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China's war games unnerve neighbors

August 18, 2009

By Kent Ewing
Asia Times
August 18, 2009

HONG KONG - War games launched last week by the
People's Liberation Army (PLA) have alarmed
China's neighbors and raised further questions
about Beijing's military intentions. The games,
dubbed "Stride-2009", are scheduled to stretch
over the next two months. They involve only
50,000 troops from China's 2.3 million-member
standing army - the largest in the world - but
the sophisticated nature of the far-flung
deployments has captured the attention of
military experts all over Asia and beyond.

For the first time, forces from the four major
regional military commands - stationed in the
cities of Shenyang, Lanzhou, Jinan and Guangzhou
- will all be engaged in live-fire drills at
least 1,200 kilometers from their bases. Some
soldiers will reportedly be involved in maneuvers
as far as 1,600 kilometers from home. Previously,
military exercises had only been conducted by
troops under a single regional military command.
This has led military analysts to speculate that
one of the purposes of the war games is a test
run for reforming the command system.

The official Xinhua News Agency described the
exercises as a test of the PLA's "long-range
force projection" that will involve high-speed
civilian rail and air links in the rapid
deployment of troops. This will be the army's
"largest-ever tactical military exercise", the agency said.

What Xinhua failed to mention is how such
elaborate, high-profile war games - on top of
perennial double-digit increases in the military
budget for most of the past two decades - are
consistent with China's promise of a "peaceful
rise". Certainly, China's regional neighbors seek
constant reassurance on this pledge. And the
United States, still by far the pre-eminent
military power in the region, is also looking on with a wary eye.

The exercises, however, appear to be aimed more
at bolstering the internal security of China,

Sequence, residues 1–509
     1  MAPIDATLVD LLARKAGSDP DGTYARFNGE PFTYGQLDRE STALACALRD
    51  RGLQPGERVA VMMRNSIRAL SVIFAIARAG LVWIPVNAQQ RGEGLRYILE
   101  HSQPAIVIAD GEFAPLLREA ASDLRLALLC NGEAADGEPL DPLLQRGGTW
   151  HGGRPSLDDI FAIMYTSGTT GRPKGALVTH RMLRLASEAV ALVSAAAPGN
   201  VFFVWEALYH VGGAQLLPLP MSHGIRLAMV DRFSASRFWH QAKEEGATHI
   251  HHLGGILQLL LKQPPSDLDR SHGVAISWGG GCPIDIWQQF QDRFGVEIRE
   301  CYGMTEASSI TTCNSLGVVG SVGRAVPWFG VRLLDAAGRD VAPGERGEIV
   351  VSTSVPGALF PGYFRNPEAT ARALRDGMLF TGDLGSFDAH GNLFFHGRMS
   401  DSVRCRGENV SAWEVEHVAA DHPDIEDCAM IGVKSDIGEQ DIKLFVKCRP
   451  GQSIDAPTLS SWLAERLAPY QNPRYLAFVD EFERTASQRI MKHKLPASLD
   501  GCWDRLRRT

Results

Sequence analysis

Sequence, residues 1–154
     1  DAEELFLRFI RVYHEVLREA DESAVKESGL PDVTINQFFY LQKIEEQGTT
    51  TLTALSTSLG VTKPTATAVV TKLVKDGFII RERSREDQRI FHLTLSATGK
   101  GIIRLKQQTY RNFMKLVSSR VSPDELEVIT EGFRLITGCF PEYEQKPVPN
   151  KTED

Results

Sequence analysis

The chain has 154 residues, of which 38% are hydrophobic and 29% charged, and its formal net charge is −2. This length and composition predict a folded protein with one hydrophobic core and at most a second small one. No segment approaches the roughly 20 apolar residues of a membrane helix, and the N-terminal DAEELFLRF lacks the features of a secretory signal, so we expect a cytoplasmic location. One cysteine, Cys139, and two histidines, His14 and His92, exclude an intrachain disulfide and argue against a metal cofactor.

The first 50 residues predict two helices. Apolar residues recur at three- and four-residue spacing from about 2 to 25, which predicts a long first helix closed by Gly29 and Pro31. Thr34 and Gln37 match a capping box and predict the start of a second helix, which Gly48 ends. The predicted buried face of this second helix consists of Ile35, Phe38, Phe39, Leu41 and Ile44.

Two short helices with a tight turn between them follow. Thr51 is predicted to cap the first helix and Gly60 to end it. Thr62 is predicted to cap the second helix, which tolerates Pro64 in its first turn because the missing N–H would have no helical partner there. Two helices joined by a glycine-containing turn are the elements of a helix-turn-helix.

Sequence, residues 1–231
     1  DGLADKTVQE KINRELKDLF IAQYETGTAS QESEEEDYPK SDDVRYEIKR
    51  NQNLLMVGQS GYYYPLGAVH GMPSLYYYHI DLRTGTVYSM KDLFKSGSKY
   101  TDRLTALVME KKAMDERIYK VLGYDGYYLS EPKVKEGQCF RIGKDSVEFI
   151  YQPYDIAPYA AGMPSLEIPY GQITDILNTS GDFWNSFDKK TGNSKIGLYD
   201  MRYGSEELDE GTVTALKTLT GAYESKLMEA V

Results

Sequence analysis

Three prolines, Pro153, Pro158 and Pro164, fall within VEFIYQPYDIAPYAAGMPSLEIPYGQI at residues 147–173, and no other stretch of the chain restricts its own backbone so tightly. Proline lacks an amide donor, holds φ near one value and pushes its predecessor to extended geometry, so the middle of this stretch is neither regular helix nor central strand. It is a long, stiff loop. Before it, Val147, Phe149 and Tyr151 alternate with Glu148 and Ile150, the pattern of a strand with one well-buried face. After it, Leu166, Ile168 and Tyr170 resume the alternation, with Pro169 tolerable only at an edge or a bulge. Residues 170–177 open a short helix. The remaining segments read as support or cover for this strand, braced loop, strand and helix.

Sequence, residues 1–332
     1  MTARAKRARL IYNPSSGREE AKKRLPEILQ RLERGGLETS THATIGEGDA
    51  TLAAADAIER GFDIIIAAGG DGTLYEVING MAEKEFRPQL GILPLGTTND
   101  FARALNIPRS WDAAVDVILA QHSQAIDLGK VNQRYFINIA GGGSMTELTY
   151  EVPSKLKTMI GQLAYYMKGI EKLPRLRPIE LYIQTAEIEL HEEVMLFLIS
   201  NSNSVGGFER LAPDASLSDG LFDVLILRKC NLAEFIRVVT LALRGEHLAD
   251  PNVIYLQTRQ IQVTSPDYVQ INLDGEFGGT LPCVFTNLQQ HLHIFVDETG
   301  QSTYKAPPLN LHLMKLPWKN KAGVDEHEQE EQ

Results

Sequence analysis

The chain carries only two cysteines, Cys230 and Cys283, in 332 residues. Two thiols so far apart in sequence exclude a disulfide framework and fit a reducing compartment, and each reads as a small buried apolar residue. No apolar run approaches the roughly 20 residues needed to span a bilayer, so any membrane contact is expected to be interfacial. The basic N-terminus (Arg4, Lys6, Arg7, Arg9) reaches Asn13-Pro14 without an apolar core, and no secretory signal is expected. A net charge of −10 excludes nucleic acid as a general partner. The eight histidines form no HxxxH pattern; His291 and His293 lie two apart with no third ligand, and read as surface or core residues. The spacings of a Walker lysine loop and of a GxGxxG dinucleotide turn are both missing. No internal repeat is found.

with its 9.6 million square kilometers in land
and 1.3 billion people, than projecting military
power abroad. Some analysts even see these games
as a direct response to the recent riots in the
western autonomous region of Xinjiang, which left
nearly 200 people dead and more than 1,700
injured. But the war games were planned long
before the ethnic clashes last month between
Muslim Uyghurs and Han Chinese in the Xinjiang capital of Urumqi.

That said, separatist movements in Xinjiang and
neighboring Tibet have long worried China's
military leaders, and things seem to be growing
worse, not better, in these restive regions. The
Urumqi riots were this year's embarrassment. In
March of 2008, as China prepared to host the
Beijing Summer Olympic Games, the government
crackdown on violent protests in Tibet and other
Tibetan-inhabited areas put a damper on Beijing's
international coming-out party.

These internal trouble spots figure prominently
in the rapid, long-distance deployments the PLA
is now practicing. Disaster relief, however, is
also important to military planners. Last year's
magnitude eight earthquake in Sichuan province
was a grave reminder of the devastating power of
Mother Nature and of the folly of having no
coherent national emergency plan in place. While
the central government responded to the quake